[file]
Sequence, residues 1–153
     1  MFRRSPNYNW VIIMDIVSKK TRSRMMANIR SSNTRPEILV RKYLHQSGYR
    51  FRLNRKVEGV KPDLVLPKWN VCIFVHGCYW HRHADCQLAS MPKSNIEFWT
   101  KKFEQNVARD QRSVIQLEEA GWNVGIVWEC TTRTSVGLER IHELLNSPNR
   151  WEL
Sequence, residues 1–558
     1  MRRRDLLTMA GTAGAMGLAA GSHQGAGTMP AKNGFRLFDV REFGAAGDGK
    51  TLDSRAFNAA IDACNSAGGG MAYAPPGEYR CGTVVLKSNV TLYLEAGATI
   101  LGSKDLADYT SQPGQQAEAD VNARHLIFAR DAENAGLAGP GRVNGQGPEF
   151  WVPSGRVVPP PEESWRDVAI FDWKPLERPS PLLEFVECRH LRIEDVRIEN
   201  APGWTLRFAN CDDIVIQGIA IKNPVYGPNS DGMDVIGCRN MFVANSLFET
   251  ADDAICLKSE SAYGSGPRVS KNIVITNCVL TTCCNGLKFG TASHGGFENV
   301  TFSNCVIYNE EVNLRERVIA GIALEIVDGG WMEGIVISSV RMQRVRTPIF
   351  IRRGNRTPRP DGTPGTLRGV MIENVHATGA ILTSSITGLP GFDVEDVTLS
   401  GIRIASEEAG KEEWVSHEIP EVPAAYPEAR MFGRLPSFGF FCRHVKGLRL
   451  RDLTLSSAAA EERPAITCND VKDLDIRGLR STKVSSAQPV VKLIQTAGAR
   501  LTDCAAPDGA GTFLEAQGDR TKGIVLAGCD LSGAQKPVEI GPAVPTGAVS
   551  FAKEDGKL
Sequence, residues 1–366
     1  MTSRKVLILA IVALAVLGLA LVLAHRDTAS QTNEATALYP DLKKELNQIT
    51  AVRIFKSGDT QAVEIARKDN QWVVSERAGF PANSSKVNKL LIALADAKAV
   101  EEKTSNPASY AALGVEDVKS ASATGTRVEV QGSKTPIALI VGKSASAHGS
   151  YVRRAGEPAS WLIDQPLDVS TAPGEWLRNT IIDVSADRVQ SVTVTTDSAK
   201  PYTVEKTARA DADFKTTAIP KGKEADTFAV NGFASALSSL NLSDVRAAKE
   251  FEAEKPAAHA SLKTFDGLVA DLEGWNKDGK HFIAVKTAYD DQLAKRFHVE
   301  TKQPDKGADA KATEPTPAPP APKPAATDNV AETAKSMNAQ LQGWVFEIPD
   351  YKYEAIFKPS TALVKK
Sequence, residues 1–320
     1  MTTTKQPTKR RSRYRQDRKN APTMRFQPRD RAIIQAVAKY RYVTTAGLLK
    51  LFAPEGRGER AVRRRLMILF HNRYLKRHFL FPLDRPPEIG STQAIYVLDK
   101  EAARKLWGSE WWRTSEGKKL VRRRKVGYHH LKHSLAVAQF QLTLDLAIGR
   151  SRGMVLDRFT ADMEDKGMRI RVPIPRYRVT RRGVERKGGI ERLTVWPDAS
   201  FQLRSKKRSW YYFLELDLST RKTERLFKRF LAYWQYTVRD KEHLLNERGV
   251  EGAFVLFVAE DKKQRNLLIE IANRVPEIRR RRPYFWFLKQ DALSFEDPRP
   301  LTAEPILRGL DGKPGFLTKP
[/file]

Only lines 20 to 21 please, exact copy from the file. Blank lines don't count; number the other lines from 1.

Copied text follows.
     1  MTSRKVLILA IVALAVLGLA LVLAHRDTAS QTNEATALYP DLKKELNQIT
    51  AVRIFKSGDT QAVEIARKDN QWVVSERAGF PANSSKVNKL LIALADAKAV